Found a new blog today, QwertyRash, thanks to its owner leaving a comment on one of my entries. In browsing through the archives I found an entry on bloggers/writers block. Chris talks of two kinds of block: being bereft of ideas, and experiencing "writer's glug":
where you have the ideas but writing feels like walking through deep mud – quite laborious.
I don't often feel bereft of ideas (can't remember a time, in fact). On the other hand, I do sometimes feel rather uncharitable towards those ideas I do have. It's a dark feeling, casting through your mind and hating everything you find. But I find it's mostly mood-related rather than any intrinsic fault in the ideas themselves, and during my writer's loathing moments, as it were, I remember that I'm simply not being rational and I move on. Sometimes that means writing (anything, including a journal entry), more often it means exercising or watching a video or reading something. Anything to break the mood.
But writer's glug is a harder beast to grapple with, I think. Because it usually strikes me at the weak moments: when I'm writing that agonising middle third of a novel, where nothing makes sense and you can't hold it all in your head any more and you're pretty convinced your doubts are not doubts but in fact rational assessments… we've all been there.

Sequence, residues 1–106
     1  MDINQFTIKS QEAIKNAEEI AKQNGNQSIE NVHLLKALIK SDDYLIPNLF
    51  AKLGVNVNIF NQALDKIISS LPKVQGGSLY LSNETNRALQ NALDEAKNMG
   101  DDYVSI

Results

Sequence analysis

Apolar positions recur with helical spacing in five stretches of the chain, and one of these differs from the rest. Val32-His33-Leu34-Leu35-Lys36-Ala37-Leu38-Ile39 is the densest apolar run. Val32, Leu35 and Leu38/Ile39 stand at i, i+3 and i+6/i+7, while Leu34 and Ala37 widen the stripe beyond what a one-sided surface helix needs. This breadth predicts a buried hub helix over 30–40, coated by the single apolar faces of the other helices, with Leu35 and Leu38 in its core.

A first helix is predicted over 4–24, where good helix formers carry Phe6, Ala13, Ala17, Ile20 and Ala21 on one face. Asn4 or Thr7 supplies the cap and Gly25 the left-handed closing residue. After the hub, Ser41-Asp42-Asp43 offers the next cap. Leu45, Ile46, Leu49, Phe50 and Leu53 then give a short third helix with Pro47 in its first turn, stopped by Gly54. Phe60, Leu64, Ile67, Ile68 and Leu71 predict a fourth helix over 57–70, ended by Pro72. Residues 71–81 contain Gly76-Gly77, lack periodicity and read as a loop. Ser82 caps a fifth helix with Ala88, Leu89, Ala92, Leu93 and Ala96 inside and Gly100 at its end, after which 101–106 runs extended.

Chris gives some good points as to the other reasons why writer's glug might strike: stress and conflicting priorities, focussing too much on the writing and not giving yourself enough downtime, etc. I know I'm guilty of all of them, at one time or another!
My own trick for combatting the slog is to offer myself a treat: to work on the laptop in front of the television, for example. It means I work much slower than normal (on the other hand, I don't tend to surf the net so much), but it also means I get some work done where I might have done nothing instead. It only works for a limited time, however: pretty soon the couch and TV is more a habit than a treat — but luckily by that time, writing back at the desk is the treat.